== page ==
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From Antitrust Law Daily, August 5, 2013

EC clears American Airlines/US Airways merger subject to concessions on London-Philly route

By Jeffrey May, J.D.

In order to obtain European Commission (EC) clearance for their proposed merger, US Airways Group and AMR Corporation have agreed to concessions that are intended to preserve competition in the market for air travel between Philadelphia and London. The EC announced today that the carriers will release one daily slot pair at London Heathrow and provide further incentives, such as the possibility for a new entrant to acquire grandfathering rights after a certain period of time, in order to induce entry on the London-Philadelphia route. In addition, the carriers' transatlantic joint venture partners have committed to entering into special feed traffic agreements with the likely entrant airline. These concessions have satisfied the EC's antitrust concerns. As a result of the concessions, the parties avoided an in-depth, Phase II merger investigation.

The EC examined the competitive effects of the proposed merger on numerous transatlantic routes. However, the investigation found that the transaction would have led to a monopoly only on the London-Philadelphia route out of London Heathrow airport. US Airways and American Airlines through their membership in a "metal-neutral" joint venture with British Airways and Iberia are the only carriers offering non-stop flights on this route. The route is de facto operated by British Airways. US Airways operates a hub in Philadelphia.

The EC was satisfied that there was sufficient competition on all other transatlantic routes affected by the merger. According to the EC, the combined entity will continue to face competition from the North Atlantic Joint Venture (including Delta, Air France/KLM, and Alitalia) and the A++ JV (including Lufthansa, Air Canada, and United Airlines). Virgin Atlantic also would pose a competitive check against the merged entity.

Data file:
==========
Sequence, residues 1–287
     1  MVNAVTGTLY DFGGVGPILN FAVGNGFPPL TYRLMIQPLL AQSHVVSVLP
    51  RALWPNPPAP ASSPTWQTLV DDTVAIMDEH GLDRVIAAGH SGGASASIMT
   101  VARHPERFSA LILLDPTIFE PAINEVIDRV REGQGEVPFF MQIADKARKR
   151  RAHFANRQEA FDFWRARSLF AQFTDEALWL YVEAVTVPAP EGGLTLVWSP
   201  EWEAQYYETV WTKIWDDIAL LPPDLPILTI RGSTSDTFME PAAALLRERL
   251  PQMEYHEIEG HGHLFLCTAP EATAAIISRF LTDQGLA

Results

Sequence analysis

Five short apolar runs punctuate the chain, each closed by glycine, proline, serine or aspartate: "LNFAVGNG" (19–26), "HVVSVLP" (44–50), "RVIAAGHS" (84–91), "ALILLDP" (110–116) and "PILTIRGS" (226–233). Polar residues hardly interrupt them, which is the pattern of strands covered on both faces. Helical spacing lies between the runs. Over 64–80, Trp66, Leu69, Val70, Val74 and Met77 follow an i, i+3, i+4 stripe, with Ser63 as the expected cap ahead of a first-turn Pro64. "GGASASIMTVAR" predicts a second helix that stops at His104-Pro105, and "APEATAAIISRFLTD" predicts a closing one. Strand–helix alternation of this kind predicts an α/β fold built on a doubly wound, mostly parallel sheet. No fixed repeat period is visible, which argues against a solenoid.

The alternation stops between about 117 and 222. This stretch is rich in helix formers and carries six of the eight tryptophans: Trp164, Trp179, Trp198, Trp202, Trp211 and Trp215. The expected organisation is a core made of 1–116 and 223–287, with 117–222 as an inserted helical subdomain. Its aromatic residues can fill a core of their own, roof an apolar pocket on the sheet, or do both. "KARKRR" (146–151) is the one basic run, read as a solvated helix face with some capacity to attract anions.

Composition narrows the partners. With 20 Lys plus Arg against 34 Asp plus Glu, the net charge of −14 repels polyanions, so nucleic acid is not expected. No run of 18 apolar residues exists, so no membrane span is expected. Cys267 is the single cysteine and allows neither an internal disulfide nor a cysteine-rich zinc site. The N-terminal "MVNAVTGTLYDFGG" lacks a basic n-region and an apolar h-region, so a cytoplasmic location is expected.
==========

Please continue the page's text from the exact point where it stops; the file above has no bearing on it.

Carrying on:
American Airlines CEO’s Response

“We are very pleased that the EU has approved the merger between American Airlines and US Airways,” said Tom Horton, chairman, president and CEO of AMR, and incoming Chairman of the Board of the combined company. “This represents one of the final milestones on our path to becoming the new American Airlines.”

Continuing U.S. Department of Justice Investigation

The transaction remains under review at the Department of Justice Antitrust Division. In March, the Justice Department issued second requests to both parties, seeking additional documents in its investigation. At that time, the airlines said that they were “working cooperatively” with the Justice Department and that they expected that the combination would be completed in the third quarter of 2013.

Companies: AMR Corp.; US Airways Group

MainStory: TopStory Antitrust

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